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Support for Town Centres and High Streets

Volume 707: debated on Monday 24 January 2022

Reviving our high streets and town centres is an absolutely essential part of levelling up. Our £3.6 billion towns fund includes support for 101 town deals and 72 future high streets fund projects. We are also providing support to local leaders through the high street taskforce and by introducing new planning flexibilities.

History, heritage and high streets—these things mean so much to the people of Stoke-on-Trent North, Kidsgrove and Talke. Tears were flowing in the mother town this weekend after a fire ripped through the Leopard in Burslem. The Leopard pub has been standing since the 18th century and is where Josiah Wedgwood and James Brindley met to discuss building the Trent and Mersey canal.

In Tunstall we have empty high street shops, which are in a desperate state of neglect, with landlords all too happy to let them sit empty and uncared for. Will my hon. Friend outline to the people of Stoke-on-Trent North, Kidsgrove and Talke how the levelling-up White Paper can empower local councils and people to hold absent or rogue owners accountable for damaging the hearts of our community?

I know that many of my hon. Friend’s constituents will be desperately sad about the fire at the Leopard; I was also sad to see the footage of it burning.

I pay tribute to my hon. Friend for his leadership and hard work on regeneration. His ten-minute rule Bill on rogue owners is being closely studied in the Department; Kidsgrove is benefiting from a town deal; Tunstall library and baths are being regenerated through the levelling-up fund, and the local council is refurbishing the town hall. However, there is a lot more to do, and I am keen to continue my conversations with him on this important issue as we look to future legislation.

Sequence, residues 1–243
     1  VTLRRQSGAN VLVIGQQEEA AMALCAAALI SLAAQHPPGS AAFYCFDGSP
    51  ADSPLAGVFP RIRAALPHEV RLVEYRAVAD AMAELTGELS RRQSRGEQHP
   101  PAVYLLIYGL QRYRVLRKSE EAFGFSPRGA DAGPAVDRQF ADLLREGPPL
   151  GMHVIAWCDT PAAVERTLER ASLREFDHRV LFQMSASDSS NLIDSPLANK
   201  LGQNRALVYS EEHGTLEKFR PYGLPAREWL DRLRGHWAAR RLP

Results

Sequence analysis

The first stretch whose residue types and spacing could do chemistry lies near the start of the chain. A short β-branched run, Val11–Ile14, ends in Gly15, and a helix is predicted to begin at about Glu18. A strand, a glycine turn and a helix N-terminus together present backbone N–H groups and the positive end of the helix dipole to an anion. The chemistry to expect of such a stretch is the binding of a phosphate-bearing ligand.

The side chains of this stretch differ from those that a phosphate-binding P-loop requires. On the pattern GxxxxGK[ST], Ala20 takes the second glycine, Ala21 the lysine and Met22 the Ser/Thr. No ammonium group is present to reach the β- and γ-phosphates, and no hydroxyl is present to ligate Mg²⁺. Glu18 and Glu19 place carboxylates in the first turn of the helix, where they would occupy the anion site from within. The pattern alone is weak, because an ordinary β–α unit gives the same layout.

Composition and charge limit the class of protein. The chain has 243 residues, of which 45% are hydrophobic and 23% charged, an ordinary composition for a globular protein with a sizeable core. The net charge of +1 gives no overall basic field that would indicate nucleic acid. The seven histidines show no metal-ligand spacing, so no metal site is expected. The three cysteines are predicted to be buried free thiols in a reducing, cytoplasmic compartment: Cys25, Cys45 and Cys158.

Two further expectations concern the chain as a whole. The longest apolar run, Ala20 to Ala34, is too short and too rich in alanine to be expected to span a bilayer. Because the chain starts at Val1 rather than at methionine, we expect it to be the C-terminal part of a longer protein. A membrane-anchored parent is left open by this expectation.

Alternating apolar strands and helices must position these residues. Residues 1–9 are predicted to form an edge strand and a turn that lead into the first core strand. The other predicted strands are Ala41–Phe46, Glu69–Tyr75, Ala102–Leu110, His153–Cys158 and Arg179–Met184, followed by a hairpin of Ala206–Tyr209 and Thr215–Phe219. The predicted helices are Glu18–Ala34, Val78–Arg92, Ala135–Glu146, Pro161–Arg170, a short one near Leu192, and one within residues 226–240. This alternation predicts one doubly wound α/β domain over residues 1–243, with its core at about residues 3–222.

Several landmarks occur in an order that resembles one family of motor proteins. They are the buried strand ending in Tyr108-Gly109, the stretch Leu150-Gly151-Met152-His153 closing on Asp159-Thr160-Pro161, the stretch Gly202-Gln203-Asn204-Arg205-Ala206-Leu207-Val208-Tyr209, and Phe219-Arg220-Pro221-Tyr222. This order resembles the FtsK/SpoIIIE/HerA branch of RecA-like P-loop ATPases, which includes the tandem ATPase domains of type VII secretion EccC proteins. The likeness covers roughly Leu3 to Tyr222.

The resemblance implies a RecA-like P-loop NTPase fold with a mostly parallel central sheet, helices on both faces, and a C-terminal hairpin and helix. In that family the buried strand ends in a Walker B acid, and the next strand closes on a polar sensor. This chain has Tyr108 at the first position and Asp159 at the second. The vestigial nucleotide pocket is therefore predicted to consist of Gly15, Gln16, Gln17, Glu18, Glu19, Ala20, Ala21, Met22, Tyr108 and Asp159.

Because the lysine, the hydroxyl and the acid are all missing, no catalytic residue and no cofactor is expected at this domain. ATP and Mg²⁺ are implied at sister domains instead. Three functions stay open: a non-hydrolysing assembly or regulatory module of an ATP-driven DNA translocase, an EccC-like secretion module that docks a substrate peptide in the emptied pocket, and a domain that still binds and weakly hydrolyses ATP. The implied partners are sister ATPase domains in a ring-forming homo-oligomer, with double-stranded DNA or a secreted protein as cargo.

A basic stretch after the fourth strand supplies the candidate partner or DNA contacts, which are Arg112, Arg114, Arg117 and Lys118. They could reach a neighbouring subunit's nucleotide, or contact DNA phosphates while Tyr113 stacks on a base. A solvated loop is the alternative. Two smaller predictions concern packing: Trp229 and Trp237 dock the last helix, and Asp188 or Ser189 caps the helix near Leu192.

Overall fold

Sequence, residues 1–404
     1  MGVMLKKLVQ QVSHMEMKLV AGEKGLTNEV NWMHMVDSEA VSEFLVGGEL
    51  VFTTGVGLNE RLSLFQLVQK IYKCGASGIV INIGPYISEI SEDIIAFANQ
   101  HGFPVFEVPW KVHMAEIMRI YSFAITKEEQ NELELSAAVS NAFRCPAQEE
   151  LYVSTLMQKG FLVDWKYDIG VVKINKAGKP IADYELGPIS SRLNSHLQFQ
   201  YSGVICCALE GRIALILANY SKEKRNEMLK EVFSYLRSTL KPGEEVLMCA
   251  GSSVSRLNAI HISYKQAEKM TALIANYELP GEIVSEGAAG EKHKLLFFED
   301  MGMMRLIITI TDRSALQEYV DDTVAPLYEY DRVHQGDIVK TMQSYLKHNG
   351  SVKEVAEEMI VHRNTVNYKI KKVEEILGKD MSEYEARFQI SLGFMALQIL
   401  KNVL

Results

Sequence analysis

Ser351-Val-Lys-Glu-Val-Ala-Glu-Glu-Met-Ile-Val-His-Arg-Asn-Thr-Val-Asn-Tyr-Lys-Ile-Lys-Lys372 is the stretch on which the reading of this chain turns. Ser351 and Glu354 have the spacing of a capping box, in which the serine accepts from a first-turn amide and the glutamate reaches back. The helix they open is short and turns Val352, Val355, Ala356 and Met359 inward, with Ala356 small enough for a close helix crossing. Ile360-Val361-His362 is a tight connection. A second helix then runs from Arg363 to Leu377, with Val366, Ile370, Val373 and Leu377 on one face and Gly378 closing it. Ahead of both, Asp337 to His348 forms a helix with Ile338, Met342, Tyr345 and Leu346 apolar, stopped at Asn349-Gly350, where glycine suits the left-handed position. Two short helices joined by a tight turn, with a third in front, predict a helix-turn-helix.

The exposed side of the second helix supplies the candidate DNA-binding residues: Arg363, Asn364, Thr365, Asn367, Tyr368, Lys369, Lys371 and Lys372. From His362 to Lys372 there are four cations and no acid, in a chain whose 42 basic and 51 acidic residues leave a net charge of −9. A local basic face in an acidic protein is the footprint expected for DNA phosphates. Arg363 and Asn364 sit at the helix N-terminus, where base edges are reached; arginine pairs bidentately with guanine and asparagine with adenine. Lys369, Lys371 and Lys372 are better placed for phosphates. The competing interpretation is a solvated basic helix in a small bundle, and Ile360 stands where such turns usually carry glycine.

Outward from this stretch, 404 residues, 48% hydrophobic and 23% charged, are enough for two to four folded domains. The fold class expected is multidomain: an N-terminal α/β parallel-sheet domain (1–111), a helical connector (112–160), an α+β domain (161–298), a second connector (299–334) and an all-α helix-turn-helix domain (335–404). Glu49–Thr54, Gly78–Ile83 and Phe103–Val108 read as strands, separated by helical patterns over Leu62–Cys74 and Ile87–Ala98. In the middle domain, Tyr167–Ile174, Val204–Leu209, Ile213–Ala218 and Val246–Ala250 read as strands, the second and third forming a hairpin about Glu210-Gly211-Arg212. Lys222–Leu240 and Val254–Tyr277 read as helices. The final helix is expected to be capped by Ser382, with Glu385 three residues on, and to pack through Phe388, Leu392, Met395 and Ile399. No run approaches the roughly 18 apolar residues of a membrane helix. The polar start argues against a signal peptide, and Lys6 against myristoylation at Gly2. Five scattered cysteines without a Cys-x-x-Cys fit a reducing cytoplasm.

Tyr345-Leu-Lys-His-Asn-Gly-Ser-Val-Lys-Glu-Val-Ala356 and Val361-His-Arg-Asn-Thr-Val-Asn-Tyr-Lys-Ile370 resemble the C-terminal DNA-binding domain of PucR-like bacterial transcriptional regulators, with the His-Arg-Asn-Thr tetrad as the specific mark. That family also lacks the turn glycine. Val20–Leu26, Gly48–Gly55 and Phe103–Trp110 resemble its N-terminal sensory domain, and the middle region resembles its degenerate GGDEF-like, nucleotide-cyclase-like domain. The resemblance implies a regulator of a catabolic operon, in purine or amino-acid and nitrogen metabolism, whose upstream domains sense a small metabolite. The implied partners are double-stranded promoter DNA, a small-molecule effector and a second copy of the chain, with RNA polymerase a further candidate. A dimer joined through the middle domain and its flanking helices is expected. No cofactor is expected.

The Secretary of State has not really proved very successful so far. Since the Secretary of State took office, the Chancellor has blocked any new money for levelling up, the Transport Secretary has halved bus funding and scrapped our trains, and while the Secretary of State is moving 500 civil servants into smaller cities and towns, Her Majesty’s Revenue and Customs is taking 65,000 of them away. In April our nations and regions stand to lose billions unless he does his job. South Yorkshire alone will be short-changed by £900 million if money that once reached us via Europe is now blocked in Whitehall. That is money for skills, new infrastructure, apprenticeships and science.

“It could be deployed in our NHS, schools and social care”—

those are not my words but those used by the right hon. Gentleman in the referendum. Will he keep his promise that no part of this country will be worse off? Or should I ask the Chancellor?

I am grateful to the hon. Lady for drawing attention to the fact that we are moving DLUHC staff to the great city of Wolverhampton. As I walk to my office in the morning, I walk past previous Labour Ministers looking radiant and John Prescott looking something, and I remember that they could have done this, but we are the party that is actually doing it and getting on with moving civil servants out of London. As for the hon. Lady’s wider points, she will have to wait for the contents of the White Paper. As well as the UK shared prosperity fund, matching those funds from Europe for each nation, we have the levelling-up fund, the community ownership fund and the high streets fund. Other than that, we are barely doing anything.